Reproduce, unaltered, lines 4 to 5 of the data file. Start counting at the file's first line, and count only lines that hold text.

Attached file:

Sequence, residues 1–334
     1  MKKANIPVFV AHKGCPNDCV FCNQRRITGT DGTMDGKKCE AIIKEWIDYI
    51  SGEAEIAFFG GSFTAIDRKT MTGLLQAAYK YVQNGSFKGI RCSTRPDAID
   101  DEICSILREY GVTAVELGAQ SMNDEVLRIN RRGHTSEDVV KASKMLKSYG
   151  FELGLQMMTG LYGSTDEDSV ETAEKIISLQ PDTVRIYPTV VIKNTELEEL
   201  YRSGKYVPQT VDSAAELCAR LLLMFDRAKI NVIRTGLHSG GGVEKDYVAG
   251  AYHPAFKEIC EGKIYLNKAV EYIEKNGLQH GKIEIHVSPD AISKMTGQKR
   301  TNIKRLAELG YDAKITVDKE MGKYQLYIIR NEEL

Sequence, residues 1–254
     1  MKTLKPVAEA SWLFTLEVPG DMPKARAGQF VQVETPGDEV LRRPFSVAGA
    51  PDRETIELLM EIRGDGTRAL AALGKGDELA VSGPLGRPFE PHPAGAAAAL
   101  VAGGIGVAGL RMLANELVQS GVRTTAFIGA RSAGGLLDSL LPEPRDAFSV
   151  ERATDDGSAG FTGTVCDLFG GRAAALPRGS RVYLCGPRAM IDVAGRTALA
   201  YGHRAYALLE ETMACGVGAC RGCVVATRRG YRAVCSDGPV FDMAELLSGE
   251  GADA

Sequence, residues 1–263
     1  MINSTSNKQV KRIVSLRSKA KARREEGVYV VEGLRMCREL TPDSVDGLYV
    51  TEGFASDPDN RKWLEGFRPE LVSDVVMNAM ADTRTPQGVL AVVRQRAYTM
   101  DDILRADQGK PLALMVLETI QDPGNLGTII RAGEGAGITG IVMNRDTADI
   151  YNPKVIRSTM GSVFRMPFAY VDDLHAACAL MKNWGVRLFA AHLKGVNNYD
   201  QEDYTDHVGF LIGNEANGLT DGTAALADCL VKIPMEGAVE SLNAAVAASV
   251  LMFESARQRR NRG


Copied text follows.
   101  DEICSILREY GVTAVELGAQ SMNDEVLRIN RRGHTSEDVV KASKMLKSYG
   151  FELGLQMMTG LYGSTDEDSV ETAEKIISLQ PDTVRIYPTV VIKNTELEEL